# Document 13546681 ```6.856 — Randomized Algorithms
David Karger
Handout #22, November 20, 2000 — Homework 12
11, Due 11/27
M. R. refers to this text:
Motwani, Rajeez, and Prabhakar Raghavan. Randomized Algorithms. Cambridge: Cambridge
University Press, 1995.
1. For basic Markov chain practice, we prove three criteria for showing a given distribution
is stationary. Note that when the stationary distribution is unique, these criteria
become “if and only if” characterizations of the stationary distribution. Answers to
some of these problems are in textbooks. Don’t use them.
(a) Suppose that a Markov chain is doubly stochastic (all rows and columns sum to
1). Prove that the uniform distribution is stationary.
(b) A Markov chain is time reversible if pij = pji (it follows the probability of a given
state sequence occurring is equal to the probability of the reversal of that state
sequence, so running time backwards doesn’t aﬀect the distribution at all). Prove
that the uniform distribution is stationary for any time-reversible Markov chain.
(c) Prove that any distribution π satisfying πi pij = πj pji (that is, the probability that
the state starts at i and moves to j is equal to the probability of the reverse) is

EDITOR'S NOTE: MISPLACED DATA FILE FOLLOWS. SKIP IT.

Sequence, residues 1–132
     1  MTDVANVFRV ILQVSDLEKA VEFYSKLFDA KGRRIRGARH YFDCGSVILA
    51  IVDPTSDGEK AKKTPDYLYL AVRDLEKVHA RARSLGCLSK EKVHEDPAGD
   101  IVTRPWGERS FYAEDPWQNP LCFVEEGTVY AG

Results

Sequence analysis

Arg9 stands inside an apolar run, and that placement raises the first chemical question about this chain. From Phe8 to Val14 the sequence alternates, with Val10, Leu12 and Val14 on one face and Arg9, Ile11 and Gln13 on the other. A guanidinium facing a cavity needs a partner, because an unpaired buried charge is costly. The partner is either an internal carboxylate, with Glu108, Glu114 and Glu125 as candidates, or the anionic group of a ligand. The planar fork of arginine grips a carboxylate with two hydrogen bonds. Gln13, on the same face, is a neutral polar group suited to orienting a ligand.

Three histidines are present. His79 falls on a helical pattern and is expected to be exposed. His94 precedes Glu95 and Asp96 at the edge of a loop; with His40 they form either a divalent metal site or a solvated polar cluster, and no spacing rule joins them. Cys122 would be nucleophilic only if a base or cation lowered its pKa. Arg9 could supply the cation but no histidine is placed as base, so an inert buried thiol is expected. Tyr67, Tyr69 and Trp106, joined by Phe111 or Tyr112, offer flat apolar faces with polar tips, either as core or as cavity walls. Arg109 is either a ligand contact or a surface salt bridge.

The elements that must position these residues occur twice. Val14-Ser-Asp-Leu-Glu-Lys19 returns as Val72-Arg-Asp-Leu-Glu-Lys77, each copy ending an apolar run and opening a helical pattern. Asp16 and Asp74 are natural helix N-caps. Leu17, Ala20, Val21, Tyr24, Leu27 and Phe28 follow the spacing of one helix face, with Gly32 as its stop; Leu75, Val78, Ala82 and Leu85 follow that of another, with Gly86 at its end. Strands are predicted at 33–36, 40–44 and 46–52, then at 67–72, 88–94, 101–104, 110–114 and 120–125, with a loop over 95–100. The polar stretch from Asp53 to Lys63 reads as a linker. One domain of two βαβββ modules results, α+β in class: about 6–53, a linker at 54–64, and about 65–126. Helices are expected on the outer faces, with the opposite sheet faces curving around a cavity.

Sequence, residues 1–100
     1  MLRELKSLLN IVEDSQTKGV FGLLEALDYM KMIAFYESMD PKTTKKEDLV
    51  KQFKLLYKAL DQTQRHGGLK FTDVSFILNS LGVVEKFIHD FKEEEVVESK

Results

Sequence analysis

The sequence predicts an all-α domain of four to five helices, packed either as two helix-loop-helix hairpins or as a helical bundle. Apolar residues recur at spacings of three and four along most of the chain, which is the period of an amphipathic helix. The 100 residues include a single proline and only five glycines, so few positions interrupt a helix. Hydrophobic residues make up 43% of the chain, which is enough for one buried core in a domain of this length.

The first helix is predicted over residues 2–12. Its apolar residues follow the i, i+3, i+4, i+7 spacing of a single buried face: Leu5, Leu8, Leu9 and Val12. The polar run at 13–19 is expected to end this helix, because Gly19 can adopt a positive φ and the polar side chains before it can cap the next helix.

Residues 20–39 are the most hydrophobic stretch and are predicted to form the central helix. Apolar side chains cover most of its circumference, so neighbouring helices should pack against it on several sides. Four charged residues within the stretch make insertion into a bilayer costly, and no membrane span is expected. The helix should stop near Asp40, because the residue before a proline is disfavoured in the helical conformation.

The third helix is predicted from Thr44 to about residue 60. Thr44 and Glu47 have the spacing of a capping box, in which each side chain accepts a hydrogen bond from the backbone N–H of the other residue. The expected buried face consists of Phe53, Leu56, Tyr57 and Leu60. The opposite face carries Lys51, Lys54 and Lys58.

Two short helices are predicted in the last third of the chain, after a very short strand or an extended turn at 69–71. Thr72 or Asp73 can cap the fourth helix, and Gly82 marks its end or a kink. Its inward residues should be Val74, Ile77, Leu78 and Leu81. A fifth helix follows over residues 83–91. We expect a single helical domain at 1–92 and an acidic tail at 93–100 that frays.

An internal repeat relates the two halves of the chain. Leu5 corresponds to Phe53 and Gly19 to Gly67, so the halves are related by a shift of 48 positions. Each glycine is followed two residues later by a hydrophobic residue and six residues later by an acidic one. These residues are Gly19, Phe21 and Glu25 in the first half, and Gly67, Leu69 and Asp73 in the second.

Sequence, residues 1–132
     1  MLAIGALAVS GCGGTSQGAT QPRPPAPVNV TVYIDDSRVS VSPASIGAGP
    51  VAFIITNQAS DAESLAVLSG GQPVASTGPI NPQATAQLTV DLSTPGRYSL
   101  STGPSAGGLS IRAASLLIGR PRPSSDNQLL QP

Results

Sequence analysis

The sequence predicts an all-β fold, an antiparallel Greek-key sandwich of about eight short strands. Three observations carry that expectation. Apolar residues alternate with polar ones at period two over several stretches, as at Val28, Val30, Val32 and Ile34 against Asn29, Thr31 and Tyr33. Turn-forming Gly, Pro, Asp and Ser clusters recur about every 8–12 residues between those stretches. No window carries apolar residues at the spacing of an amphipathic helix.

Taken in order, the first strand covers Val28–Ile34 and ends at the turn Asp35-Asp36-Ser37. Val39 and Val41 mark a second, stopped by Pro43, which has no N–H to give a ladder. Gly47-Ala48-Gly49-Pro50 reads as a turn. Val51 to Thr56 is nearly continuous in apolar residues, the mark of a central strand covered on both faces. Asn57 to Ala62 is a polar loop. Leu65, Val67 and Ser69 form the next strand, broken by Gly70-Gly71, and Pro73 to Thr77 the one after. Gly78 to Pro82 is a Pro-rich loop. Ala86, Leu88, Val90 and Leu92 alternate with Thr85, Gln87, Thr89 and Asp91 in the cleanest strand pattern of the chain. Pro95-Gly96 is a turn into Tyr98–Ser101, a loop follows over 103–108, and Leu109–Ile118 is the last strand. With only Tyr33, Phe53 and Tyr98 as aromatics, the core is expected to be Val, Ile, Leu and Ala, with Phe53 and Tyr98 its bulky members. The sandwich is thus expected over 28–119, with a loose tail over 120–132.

stationary.
2. The 3-coloring problem is to color the vertices of a graph with 3 colors such that the no
edge has both endpoints the same color. This problem is NP-complete, so the focus has
been on approximation algorithms. We will devise a partial solution. Any triangle in
a 3-colorable graph must have all 3 vertices colored diﬀerently. Develop an algorithm
to color the vertices of a 3-colorable graph with 2 colors, such that no triangle has all
3 vertices the same color. This allows you to break the graph into 2 pieces with no
triangles, and thus reduce the coloring problem to one on graphs with no triangles.
3. An apocryphal story says that the ﬁrst two cars in New York city were involved in a
fender bender. To explain this phenomenon, consider a model of an undirected graph in
which two particles (starting at arbitrary positions) follow a random walk. Prove that
the expected time until they collide is polynomial in the graph size. Hint: consider a
state space capturing the positions of both cars.
4. MR 6.16. To show that the previous model does not properly reﬂect new york’s
one-way streets, prove that cover time of certain strongly-connected directed graphs
cannot be bounded by any polynomial in the number of vertices. Do so by exhibiting
a strongly connected nonbipartite graph (not a multi-graph) for which the cover time
is super-polynomial.
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5. optional, linear algebra required. Prove that for any stochastic matrix P , there is
a vector π with πP = π (this shows that every Markov chain has at least one stationary
distribution).
6. optional. Construct a universal traversal sequence for 4-vertex cycles.
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